2019 Boxing

By Frank Warren

FIRST OF ALL, a little belatedly, I would like to wish you all a very happy and healthy New Year.

2018 was a year of many highs and a few lows, one that we ended in spectacular fashion with a December that saw Tyson Fury‘s incredible resurrection against Deontay Wilder in LA, followed by a night none of us who were there will forget when Josh Warrington and Carl Frampton produced one of the finest fights ever witnessed in a British ring.

The featherweights played a big part in our success of last year, starting at the SSE Arena in Belfast back in April when Carl Frampton reminded everyone of what a top operator he is by comprehensively overcoming the threat of multi-time world champion Nonito Donaire.

It placed Carl firmly back on the world map and our job then was to make his dreams come true. Firstly by fighting him at Windsor Park and secondly by steering him, once again, to world title contention.

The first part of the bargain was duly delivered in August on a compelling night of boxing that also saw Paddy Barnes challenge for a world title at flyweight in just his sixth fight as a pro and Tyson Fury take the second step towards fully announcing himself back on the world stage.

Before this, at Elland Road in Leeds, Josh Warrington also realised his dream of performing at the home of his local football club in May. It was a night that hit all the right notes for the Leeds Warrior, who was played into the ring by the Kaiser Chiefs before ripping the IBF world title from the champion Lee Selby.

Josh has been a remarkable story over the last year after we forced the issue to secure his shot against Selby via a final eliminator to him becoming one of the elite of the division. Few would have imagined him having successes against both Selby and Frampton on his resume at this stage of the game, but he is someone I believed in and got right behind from when we joined forces.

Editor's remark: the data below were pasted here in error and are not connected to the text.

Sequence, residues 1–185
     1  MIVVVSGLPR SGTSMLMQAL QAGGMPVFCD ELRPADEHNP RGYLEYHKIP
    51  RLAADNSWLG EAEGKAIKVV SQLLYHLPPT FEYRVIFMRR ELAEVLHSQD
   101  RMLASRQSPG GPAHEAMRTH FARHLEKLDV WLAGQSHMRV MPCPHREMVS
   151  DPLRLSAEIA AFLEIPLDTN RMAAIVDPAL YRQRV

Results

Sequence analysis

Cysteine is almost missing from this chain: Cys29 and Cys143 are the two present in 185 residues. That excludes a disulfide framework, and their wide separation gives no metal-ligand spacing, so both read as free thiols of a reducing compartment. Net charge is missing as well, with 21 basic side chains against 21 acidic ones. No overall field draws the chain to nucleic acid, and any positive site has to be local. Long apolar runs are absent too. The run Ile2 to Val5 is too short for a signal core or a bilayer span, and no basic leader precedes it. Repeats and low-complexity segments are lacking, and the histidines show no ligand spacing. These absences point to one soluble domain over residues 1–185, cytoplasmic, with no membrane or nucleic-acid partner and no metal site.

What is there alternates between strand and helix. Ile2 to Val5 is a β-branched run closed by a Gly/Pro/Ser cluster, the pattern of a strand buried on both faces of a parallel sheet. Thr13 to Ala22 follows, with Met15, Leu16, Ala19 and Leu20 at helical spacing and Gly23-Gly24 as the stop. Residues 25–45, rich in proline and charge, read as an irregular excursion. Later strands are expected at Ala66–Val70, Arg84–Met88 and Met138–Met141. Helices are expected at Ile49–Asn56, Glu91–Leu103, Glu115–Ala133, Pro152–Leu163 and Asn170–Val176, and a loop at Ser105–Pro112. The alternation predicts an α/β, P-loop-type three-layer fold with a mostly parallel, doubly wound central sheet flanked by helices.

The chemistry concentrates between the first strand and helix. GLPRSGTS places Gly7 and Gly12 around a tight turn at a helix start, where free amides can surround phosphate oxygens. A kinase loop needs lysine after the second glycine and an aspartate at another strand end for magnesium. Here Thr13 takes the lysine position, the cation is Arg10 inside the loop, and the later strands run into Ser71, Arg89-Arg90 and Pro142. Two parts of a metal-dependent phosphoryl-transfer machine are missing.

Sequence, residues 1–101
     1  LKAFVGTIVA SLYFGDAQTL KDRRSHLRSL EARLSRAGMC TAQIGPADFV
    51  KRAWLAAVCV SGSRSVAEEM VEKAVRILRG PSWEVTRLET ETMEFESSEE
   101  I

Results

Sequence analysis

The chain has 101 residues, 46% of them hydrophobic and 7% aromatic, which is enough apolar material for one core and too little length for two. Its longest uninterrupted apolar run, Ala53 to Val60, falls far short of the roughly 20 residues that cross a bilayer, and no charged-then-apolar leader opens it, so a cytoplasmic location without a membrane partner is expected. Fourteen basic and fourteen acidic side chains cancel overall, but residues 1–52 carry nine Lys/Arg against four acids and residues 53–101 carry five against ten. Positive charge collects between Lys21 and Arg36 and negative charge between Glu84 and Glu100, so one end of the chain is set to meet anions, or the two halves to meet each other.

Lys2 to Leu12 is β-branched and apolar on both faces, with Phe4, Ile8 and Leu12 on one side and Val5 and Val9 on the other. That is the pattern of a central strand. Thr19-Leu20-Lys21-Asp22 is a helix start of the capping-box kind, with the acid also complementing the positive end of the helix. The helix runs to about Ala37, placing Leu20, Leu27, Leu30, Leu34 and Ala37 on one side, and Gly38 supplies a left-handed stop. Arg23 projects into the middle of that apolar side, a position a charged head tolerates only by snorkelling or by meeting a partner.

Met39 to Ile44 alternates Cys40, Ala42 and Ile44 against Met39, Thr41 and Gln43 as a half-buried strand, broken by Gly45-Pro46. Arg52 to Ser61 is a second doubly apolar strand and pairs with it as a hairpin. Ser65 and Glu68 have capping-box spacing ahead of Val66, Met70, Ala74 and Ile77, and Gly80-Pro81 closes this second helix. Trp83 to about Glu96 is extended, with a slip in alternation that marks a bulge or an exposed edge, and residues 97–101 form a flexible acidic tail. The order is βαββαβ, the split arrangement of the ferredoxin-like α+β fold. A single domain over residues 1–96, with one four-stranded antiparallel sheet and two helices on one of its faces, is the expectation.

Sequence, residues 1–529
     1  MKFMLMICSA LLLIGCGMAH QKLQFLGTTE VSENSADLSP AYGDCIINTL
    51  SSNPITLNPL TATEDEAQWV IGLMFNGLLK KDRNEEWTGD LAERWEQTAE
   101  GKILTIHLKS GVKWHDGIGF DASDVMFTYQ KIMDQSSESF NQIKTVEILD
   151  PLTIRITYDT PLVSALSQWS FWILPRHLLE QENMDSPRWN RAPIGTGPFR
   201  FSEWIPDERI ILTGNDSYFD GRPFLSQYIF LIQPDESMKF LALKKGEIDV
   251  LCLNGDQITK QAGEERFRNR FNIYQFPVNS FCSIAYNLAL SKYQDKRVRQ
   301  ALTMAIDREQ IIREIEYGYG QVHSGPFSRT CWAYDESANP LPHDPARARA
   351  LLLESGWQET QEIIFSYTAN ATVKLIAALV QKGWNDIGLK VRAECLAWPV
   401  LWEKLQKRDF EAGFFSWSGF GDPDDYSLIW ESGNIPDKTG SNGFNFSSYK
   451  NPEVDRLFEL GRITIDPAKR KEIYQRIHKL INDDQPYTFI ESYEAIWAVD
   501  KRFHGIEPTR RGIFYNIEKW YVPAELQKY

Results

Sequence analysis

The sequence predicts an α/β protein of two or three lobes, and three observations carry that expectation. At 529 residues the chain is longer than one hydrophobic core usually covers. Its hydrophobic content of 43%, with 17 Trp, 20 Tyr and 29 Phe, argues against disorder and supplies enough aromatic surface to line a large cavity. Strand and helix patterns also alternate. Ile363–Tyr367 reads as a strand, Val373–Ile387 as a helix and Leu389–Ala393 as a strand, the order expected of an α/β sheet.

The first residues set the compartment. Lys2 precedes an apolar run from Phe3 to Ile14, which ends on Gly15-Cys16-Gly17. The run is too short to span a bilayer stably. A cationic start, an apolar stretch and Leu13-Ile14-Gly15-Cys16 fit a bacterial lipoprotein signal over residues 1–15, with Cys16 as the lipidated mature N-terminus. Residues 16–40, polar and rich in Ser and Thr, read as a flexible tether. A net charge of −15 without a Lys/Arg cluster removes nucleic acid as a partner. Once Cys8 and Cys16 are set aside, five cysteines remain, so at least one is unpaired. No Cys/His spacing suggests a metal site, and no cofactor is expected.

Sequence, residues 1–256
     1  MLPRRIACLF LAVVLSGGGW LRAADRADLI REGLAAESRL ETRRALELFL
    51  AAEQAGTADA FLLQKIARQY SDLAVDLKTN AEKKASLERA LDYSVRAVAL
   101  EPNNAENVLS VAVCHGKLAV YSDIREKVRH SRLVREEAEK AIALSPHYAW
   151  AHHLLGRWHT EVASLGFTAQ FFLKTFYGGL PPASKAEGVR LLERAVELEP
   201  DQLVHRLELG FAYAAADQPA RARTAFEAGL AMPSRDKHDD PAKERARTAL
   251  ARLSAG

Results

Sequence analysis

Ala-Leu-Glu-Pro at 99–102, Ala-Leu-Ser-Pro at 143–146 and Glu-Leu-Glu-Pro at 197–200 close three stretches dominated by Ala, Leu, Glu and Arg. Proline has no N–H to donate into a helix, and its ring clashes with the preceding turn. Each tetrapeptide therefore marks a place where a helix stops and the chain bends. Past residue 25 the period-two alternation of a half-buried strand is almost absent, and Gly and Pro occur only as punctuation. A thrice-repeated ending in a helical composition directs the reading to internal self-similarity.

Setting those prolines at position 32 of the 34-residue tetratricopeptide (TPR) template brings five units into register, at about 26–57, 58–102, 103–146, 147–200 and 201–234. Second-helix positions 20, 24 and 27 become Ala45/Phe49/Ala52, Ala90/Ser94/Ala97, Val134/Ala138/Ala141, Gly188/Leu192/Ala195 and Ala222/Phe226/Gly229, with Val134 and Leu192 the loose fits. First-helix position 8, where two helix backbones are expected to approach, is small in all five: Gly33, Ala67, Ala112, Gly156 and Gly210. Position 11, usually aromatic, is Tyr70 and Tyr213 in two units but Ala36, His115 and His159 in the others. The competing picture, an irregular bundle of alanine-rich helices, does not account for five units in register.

He is someone on the up and up and there will be more big nights for Josh in 2019. Hopefully the same will be the case for Carl – a true gent I hold in the highest regard – but we will wait and see what he decides to do after spending time with his family.

Josh and Carl really put the seal on a sizzling year for the sport at the Manchester Arena in front of their loyal hordes of supporters, who also made it such a memorable occasion. That they were rewarded with such a captivating contest is a result of putting the best in against the best – and that is what we strive to do as often as we can.

December was our second big night out in Manchester last year, with the cavernous arena also playing host to the return of Tyson after his lengthy hiatus in June. The place was packed and it was heart-warming to see the public really get behind Tyson after his well-documented troubles.

He deserves it because he is truly a man of the people who has time for everyone.

The downside of that night was Terry Flanagan coming up slightly short in his bid to become a two-weight world champion against Maurice Hooker and we have to get Terry back on track in 2019. The same goes for Liam Smith, who was bravely outgunned by a fine young champion in Jaime Munguia when he sought to reclaim his WBO world super welterweight title in July.